Newton County Farm Bureau members traveled to Atlanta, Feb. 4 to participate in Georgia Farm Bureau Day at the Capitol. While at the capitol, members of the Newton County Farm Bureau delegation visited with state legislators and officials. Members of the Newton County Farm Bureau Board of Directors who attended the event included: President Brent Galloway, Secretary/Treasurer Chuck Berry, Legislative Committee Chairman Julius Hays, Kevin Mitcham, and Richard Jolley.
The Newton County delegation was among the Farm Bureau members from across the state to participate in the event. Participants were encouraged to raise legislators’ awareness of GFB’s 2016 priority issues - animal agriculture, water, state tax and budget matters.
“Today is your opportunity to talk to your legislators and let them know what you think,” GFB President Gerald Long said. “As you talk to your elected officials, be sure to thank them for their help and tell them about our priority issues, not just today but when you see them on the streets back home.”
Long addressed both the House and Senate, thanking the members of both chambers for the work they do on behalf of Georgia farmers and asking them to continue their support of Georgia agriculture.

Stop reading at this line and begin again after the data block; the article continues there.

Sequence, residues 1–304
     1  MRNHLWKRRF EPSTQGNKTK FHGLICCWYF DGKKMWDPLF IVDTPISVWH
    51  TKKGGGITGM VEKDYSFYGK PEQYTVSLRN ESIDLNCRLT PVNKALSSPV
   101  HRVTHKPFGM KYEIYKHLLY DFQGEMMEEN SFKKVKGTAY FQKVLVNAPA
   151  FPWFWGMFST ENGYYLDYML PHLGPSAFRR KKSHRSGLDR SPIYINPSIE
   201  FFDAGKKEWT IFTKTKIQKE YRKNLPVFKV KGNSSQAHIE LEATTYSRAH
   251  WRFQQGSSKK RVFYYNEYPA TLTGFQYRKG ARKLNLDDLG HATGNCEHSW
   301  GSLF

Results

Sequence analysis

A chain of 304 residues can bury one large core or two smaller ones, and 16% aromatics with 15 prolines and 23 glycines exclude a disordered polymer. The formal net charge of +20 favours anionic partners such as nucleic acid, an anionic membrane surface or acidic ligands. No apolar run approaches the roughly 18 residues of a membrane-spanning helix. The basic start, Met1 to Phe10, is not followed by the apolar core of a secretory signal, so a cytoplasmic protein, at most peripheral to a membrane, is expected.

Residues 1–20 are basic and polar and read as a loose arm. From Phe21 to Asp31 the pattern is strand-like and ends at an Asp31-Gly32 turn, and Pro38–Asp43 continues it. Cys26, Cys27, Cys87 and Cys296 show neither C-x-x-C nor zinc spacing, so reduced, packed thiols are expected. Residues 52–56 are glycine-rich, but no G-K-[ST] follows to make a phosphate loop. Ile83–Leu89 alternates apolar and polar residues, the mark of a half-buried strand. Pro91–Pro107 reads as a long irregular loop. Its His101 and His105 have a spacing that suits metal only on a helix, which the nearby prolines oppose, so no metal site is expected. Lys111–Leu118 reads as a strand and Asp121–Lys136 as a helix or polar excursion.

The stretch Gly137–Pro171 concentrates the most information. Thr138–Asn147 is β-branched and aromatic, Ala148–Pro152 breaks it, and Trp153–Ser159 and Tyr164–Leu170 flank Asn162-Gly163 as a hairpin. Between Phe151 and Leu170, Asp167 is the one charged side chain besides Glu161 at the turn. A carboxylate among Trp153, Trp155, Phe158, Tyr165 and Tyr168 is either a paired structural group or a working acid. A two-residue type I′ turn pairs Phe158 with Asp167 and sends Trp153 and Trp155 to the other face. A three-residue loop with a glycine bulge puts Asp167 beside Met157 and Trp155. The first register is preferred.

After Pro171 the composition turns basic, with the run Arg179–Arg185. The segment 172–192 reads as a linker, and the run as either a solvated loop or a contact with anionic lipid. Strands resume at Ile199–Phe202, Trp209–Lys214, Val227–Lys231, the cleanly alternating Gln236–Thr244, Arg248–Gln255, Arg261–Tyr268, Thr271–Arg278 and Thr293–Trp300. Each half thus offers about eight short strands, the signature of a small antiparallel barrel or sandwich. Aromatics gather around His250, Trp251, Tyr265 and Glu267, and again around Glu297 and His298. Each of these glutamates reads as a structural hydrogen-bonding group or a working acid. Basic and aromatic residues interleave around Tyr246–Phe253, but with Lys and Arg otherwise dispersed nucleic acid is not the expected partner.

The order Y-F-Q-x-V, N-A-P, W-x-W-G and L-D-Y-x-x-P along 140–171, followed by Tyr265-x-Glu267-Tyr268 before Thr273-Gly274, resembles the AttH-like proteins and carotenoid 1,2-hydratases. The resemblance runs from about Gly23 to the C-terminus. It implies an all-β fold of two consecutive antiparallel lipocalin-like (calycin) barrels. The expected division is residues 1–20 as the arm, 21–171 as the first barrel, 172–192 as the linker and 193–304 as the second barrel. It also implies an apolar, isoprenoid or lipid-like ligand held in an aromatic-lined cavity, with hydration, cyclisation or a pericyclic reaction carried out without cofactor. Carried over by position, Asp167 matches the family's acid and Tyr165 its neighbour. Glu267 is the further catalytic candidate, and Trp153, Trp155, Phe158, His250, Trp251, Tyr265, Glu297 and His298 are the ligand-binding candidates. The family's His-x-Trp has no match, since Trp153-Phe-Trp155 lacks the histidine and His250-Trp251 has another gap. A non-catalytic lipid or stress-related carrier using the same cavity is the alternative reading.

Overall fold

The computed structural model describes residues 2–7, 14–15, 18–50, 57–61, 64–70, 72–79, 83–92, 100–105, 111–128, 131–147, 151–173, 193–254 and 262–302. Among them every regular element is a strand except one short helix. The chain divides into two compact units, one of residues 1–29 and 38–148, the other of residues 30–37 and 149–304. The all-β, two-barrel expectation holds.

Gov. Nathan Deal and Georgia Agriculture Commissioner Gary Black spoke at the lunch GFB held at the Georgia Freight Depot attended by more than 500 GFB members and state officials.
Deal said his proposed budget includes an additional $1 million in funding for the Georgia Department of Agriculture (GDA) to renovate state farmers markets and replace about 25 cars used by GDA employees who travel across the state with their jobs.
“As we see an evolution in how people think about their food and the way they get it, farmers markets are becoming more vital,” Deal said.
Georgia Commissioner of Agriculture Gary Black asked county Farm Bureaus to encourage their local school boards to participate in the 20/20 Vision program the GDA is working on with the Georgia Department of Education. Black said the program aims to see that all meals served in school cafeterias include at least 20 percent Georgia Grown commodities.
“Being in schools is second nature to county Farm Bureaus with your Ag in the Classroom programs,” Black said. “It’s not going to be about the Georgia Department of Agriculture or Department of Education telling schools what to do but it’s about all county groups encouraging local school boards to participate in this program.”